Palmetto Bay

Palmetto Bay seeks to boost downtown commercial development — and tax base

Palmetto Bay wants to revitalize its commercial strip in the southwest corner of the village, east of U.S. 1, into a real downtown. The hope is to give residents a walkable place to gather, dine, and shop —and the village a better diversified tax base.

On Wednesday, council members got good news from consultants it had hired to work on the project: If you build it, they will come.

Palmetto Bay should support roughly 1,200 new units of market-rate multi-family housing in the next 10 years, between 135,000 and 270,000 square feet of office space in the next five years, and roughly 100,000 to 110,000 square feet of retail space in the next 10 years, according to a 50-page market study presented by the Miami-based consulting firm Bermello, Ajamil & Associates.

The report included some caveats where retail and office space are concerned. Much of the demand for new retail and office space will likely be absorbed, the study notes, by redeveloped but existing spaces.

According to the study, retail and especially multifamily residential projects will be key to driving sustainable development in the area, and a first phase of development should only include about 20,000 to 30,000 square feet of new retail in the form of smaller shops and restaurants.

With 1,200 new housing units and 30,000 square feet of new retail, the report estimates an additional $600,000 in property taxes for the village annually. With 1,700 new housing units, 100,000 square feet of new retail and 50,000 square feet of office space, the report estimates $1 million in additional revenues annually.

The consultant’s report followed a short presentation by village building director Ed Silva, who also sits on the 40-member downtown redevelopment task force.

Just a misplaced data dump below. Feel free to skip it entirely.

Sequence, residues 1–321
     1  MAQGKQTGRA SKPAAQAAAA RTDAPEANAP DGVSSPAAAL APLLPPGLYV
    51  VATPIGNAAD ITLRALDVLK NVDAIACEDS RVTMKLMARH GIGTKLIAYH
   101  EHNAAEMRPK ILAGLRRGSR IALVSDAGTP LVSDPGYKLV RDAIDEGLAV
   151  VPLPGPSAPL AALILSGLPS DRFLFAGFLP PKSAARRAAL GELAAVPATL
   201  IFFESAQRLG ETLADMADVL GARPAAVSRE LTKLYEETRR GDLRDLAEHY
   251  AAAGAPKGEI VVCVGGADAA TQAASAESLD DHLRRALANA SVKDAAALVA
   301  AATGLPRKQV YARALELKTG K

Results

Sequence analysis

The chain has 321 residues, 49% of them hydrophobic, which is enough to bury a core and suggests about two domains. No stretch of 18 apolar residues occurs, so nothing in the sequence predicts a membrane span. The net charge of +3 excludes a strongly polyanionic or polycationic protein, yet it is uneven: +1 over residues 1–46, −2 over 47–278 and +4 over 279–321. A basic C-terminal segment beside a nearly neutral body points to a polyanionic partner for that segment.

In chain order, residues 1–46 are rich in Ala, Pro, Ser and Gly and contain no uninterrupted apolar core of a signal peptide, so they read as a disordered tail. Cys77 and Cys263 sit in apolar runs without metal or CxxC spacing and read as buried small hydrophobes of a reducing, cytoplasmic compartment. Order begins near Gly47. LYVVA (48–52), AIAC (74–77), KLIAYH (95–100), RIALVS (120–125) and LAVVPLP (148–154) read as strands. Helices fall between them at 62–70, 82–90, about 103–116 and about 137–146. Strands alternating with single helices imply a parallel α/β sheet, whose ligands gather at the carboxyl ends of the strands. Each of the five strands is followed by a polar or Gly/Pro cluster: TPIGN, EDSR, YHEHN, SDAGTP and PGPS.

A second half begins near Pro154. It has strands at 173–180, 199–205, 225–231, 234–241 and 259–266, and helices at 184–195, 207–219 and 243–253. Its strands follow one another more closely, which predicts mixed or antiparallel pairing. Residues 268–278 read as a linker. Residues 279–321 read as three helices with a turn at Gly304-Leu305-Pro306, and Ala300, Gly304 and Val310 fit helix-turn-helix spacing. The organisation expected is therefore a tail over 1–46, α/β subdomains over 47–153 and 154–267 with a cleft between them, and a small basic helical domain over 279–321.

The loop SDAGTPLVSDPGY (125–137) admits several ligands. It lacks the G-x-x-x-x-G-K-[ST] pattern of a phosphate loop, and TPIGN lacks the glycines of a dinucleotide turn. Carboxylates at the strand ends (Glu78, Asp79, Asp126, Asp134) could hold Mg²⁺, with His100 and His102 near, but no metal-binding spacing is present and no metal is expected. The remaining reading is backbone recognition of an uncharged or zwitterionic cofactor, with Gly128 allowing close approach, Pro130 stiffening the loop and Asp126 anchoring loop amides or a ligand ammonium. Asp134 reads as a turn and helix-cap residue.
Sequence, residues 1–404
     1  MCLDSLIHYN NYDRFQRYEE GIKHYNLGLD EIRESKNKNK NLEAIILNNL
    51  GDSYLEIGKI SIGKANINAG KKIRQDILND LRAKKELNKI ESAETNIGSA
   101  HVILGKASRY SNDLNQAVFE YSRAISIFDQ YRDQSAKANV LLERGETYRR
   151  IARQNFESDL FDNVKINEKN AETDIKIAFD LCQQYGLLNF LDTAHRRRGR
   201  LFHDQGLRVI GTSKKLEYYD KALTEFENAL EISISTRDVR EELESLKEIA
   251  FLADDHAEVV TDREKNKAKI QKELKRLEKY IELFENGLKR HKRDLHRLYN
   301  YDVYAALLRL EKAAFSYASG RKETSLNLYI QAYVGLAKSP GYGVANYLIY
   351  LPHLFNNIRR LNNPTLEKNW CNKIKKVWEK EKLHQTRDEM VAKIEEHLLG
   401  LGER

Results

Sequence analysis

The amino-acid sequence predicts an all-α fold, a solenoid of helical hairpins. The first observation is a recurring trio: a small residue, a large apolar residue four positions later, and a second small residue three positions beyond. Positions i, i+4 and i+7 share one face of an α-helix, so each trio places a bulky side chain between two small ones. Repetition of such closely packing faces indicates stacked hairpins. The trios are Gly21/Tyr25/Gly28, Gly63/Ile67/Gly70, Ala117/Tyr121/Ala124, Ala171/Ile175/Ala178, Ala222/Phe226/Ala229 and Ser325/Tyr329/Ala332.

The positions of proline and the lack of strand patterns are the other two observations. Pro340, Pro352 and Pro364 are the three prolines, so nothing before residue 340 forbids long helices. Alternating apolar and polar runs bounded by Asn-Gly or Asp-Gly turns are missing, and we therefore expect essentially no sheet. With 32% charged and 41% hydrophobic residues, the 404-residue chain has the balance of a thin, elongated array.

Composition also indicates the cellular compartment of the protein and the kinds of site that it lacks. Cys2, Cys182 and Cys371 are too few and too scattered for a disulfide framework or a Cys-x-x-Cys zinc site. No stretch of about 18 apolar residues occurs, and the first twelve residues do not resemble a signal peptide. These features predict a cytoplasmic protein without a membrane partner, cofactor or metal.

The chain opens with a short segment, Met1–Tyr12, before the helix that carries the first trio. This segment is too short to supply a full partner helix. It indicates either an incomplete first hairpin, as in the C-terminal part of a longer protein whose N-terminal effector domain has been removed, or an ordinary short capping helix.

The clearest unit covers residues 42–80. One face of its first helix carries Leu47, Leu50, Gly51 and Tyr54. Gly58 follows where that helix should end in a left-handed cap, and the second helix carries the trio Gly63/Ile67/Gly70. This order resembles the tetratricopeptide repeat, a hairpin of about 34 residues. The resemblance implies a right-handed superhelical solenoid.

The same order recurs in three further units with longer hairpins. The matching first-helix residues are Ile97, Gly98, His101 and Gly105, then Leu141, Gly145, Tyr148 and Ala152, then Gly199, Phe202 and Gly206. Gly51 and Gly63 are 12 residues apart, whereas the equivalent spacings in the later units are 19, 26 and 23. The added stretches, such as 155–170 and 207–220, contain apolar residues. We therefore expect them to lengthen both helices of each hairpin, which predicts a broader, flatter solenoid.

Silva’s presentation highlighted the disparity between growth in Palmetto Bay and the neighboring municipalities of Pinecrest and Cutler Bay.

Median household incomes are marginally lower in Palmetto Bay than they are in Pinecrest.

Pinecrest, however, saw about $28 million in new constructions since 2013 and Palmetto Bay only saw $2 million. Cutler Bay saw $17 million in new construction.

“Obviously something is askew. Our incomes are on par with Pinecrest. Our demographics are strong, but for some reason, businesses and developers are missing us and going either to Pinecrest or to Cutler Bay,” he said.

Two members on council – Mayor Eugene Flinn and Vice-Mayor John DuBois – appeared exasperated that time and resources had been spent establishing the simple fact that demand existed at all.

“It was my understanding that we were trying to get market projections to understand ‘what if.’ This is not a ‘what if.’ This is just a projection without any what ifs. Without any changes to incorporate new zoning and new infrastructure,” DuBois said. “From my point of view, this is a disappointment.”

“Whoever thought there wasn’t demand?” Flinn said.

Silva hastened to explain to council members that the study was divided in two parts — one establishing market demand, the other developing more specific strategies for capturing that demand — and that this presentation only covered part one.

“Task 2: Economic and Development Guidance, is exactly what you’re asking for. That’s the second task that will come after this one is accepted and we move forward. … So that is in here, and we’ll get there, but we’re trying to run before we can walk,” Silva said.

Payment for the study – $34,000 – is included in both parts, and part two could be completed in the next 30 days, he said.

The council voted unanimously to instruct consultants to proceed with their next report.

In other action, the council:

▪ Deferred discussion of two other studies relating to the downtown initiative.

▪ Received a completed design for the U.S. 1 median beautification project, which will extend from Southwest 136 to 184 streets.

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